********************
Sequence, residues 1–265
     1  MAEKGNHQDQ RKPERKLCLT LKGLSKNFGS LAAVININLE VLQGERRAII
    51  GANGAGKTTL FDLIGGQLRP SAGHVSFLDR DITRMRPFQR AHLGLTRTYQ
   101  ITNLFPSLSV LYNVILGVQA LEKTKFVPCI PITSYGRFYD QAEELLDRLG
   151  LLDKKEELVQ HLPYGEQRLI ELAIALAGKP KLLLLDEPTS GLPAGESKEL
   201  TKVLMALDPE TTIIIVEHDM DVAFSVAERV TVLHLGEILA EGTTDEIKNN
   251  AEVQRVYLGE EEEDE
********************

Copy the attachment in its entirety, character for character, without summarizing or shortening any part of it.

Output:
Sequence, residues 1–265
     1  MAEKGNHQDQ RKPERKLCLT LKGLSKNFGS LAAVININLE VLQGERRAII
    51  GANGAGKTTL FDLIGGQLRP SAGHVSFLDR DITRMRPFQR AHLGLTRTYQ
   101  ITNLFPSLSV LYNVILGVQA LEKTKFVPCI PITSYGRFYD QAEELLDRLG
   151  LLDKKEELVQ HLPYGEQRLI ELAIALAGKP KLLLLDEPTS GLPAGESKEL
   201  TKVLMALDPE TTIIIVEHDM DVAFSVAERV TVLHLGEILA EGTTDEIKNN
   251  AEVQRVYLGE EEEDE